Local business is good business
Thinking twice about where our dollars go, not over-thought regulations, can help local shops thrive.

Jonathan Labonte
Steps Forward

With the charm that makes small towns in Maine special places to live in and visit, downtown Livermore Falls celebrated the grand opening of a new bakery last week. 
There was no flashy press corps, no giant gold scissors, and no high profile politicians there to pose for the cameras as they plot their next campaign.
But there were, at the opening of Butter Cookies on Depot Street, local volunteers and friends and champions of that community and the fulfillment of a dream for one of its residents.
The question that may overshadow the joy of that day for this small business, and for many specialty businesses in Maine’s downtowns, will be how to build and sustain a customer base amidst the competition from much larger national businesses with sales volumes that keep prices lower in most instances.
The American consumer is an interesting animal. Many of us root for the underdog and have warm recollections of a time when the family down the road owned the hardware store or pharmacy and the local butcher knew us by our first name. But when push comes to shove, and we need to vote with our dollars, the “drive to” convenience of Goliath and his lower prices keeps the small guy teetering on the brink.
This creates quite the dilemma. If communities truly want to see locally-owned businesses thrive, finding a means to change that paradigm is not an easy challenge to overcome.
The plotting of coastal communities, in recent years, to ban certain stores through restrictions on development locations and size is one approach. In fact, that regulatory approach has bubbled its way up to the state level where projects over a certain size will require a detailed study of how a new store will impact the community.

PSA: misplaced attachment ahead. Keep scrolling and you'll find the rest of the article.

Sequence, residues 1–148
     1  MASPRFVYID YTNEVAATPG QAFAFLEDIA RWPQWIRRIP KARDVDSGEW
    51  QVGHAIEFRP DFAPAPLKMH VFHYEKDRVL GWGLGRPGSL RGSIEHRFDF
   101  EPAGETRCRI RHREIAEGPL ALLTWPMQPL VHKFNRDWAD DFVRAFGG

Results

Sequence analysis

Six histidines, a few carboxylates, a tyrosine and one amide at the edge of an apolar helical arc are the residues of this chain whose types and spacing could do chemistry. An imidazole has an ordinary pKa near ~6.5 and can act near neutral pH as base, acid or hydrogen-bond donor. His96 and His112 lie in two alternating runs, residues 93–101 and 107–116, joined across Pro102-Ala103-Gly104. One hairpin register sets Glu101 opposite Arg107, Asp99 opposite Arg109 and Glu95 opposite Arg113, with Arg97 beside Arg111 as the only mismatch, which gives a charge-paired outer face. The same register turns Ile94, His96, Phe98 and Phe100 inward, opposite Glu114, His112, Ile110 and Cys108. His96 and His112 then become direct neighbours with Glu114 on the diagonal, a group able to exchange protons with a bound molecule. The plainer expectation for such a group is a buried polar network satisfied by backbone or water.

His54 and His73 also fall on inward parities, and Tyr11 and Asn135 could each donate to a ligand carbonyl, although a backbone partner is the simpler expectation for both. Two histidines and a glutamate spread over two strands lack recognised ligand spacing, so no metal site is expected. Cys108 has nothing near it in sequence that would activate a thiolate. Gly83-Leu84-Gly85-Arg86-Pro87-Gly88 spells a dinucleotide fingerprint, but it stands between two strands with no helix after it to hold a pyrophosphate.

Regulations are only one angle, though, to advance the idea of creating a sustainable environment for small, niche shops.
Trying to create rules to stop businesses from coming won’t change the culture of voting with our dollars. There needs to be a new approach that encourages us to think about what our dollars can do, when we invest them in a product or service.
At the grand opening last week, it was more than just free samples of very good desserts; it became a community discussion of how to make this new shop part of the community. Would wifi access to encourage people to stop in to check e-mail and maybe grab a coffee? It was shared that some local groups may hold discussions in this space to increase foot traffic. And some local food businesses inquired about how to make those desserts part of their menu.
No suggestions were made on how to regulate keeping the competition at bay, it was all conversation about how to connect local people to these products.
Time will tell if the people of Livermore Falls will cast enough votes  to keep this new business alive, but the model is out there. Perhaps many of us, wanting some of that charm to return to the communities we grew up in or live in now, will think twice about where our dollars go.

Jonathan LaBonte, of New Auburn, is a columnist for the Sun Journal and an Androscoggin County Commissioner. E-mail: [email protected]


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